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If you wanted to get any professionals involved, the first one is usually the Speech and Language Therapist.  She should be qualified about speech disorders as well as speech difficulties/disorders associated with being on the spectrum.  She should assess all aspects of his speech eg. receptive/expressive language - comprehension, working memory, auditory memory etc.  She is also the professional who deals with Social Interaction.  Again she should be able to assess to see what he can/cannot do regarding play and social interaction.  
In the UK, typically, you would expect his school to have something like a mentoring scheme or a buddying scheme so that children with social interaction difficulties are included more.  These types of supports should be available at playtime and dinnertime because 'unstructured free time' is the most difficult time of the day for them.  In class they can get on with their work - but at dinnertime they are lost and usually spend it alone.  If you want it adult only support to help get him joining in, and you want your concerns confidential - that should not be a problem.
The school can also give these children dinnertime access to the library or the IT room.  At my son's school they have dinnertime clubs.  This will give your child something to 'do'.  And it is better if there is another child or children doing the same thing (with an adult present), because this will help with social interaction.  
For out of school stuff, try to get him involved with things he is good at - along his lines of interest.
These usually don't include sports or team games - that is usually a disaster!
Go for small group or one to one stuff - for example: trampoline club, climbing club, martial arts, fencing club, fishing, chess club, model making club, science club (your son would probably love that).  If they are at a club that is in their area of interest, all the other children are also interested in the same thing.  So they have alot more in common.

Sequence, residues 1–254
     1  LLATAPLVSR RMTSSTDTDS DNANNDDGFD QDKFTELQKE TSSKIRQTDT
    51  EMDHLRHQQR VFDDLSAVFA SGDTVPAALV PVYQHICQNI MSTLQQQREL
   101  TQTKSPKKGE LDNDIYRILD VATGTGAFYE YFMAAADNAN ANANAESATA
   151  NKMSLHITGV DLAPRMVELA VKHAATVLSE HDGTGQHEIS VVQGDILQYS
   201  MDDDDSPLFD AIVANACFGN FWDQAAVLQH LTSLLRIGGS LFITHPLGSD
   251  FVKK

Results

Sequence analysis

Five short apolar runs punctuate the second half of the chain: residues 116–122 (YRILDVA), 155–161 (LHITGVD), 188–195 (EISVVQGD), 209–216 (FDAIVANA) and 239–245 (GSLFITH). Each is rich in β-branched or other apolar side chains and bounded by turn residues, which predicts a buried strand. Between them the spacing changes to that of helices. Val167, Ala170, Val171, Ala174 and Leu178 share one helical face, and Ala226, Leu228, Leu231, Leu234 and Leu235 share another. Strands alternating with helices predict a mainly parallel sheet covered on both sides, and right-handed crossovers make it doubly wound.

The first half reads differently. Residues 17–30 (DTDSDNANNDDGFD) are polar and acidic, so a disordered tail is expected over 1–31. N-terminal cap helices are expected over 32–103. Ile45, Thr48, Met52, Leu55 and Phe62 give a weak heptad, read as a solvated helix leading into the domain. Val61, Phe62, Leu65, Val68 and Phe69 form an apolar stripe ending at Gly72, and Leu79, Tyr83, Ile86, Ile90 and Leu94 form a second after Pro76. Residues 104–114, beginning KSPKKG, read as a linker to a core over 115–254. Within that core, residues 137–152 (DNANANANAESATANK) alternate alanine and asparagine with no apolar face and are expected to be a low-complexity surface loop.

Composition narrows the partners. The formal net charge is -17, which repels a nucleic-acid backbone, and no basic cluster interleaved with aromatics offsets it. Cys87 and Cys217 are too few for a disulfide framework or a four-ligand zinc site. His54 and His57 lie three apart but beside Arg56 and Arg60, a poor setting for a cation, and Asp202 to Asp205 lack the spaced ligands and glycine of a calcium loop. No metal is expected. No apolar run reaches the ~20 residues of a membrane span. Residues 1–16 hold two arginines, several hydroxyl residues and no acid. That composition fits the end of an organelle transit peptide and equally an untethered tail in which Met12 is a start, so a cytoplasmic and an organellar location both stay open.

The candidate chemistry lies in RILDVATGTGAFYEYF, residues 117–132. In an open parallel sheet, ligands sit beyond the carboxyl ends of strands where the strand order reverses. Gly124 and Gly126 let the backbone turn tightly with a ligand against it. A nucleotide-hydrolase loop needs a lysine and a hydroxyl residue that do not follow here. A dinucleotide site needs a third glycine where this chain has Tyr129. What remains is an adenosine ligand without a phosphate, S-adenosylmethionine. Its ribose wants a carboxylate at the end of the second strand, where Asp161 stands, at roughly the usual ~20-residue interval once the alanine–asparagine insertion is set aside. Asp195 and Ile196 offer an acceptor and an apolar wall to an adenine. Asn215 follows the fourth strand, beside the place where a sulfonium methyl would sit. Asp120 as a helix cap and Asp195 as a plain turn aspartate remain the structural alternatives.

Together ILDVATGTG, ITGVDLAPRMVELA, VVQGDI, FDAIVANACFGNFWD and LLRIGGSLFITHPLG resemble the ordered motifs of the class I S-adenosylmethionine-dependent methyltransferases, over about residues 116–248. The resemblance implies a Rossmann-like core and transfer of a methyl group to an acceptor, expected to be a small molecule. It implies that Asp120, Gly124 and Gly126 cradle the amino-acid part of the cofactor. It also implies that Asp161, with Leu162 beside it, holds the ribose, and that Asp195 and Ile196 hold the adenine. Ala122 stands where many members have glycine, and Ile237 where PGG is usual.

Talk to your son's teacher about any children he does play successfully with.  Invite them to your house or take them swimming or to the cinema etc.  See how they interact and if they seem to get on well encourage that friendship.
You could talk with his class teacher or your doctor about your concerns.  Find out if they can support him in his social interaction skills etc without a diagnosis.  You could phone up the speech and language therapy department and talk to them.  You could get a private report if you preferred from a SALT.
Also, as he is 10 and will soon be moving to secondary school (age 11+), I would also recommend visiting schools in your area and finding out which of them has experience of teaching children with aspergers.  I cannot emphasis how important it is for these childrens' needs to be understood.
My own son goes to a school that is called 'Enhanced Resource'.  In the UK that means it is a mainstream school that has extra funding and trained staff who are experienced in teaching children on the spectrum.  They have children in all their classes who have autism or aspergers and they have the extra supports that they need in both the classrooms and during playtime/dinnertime.  
You could also contact a local parent support group and go along by yourself to see what the other families are like.  I go to one and there is a wide range of childrens' abilities from severely autistic to HFA and Aspergers.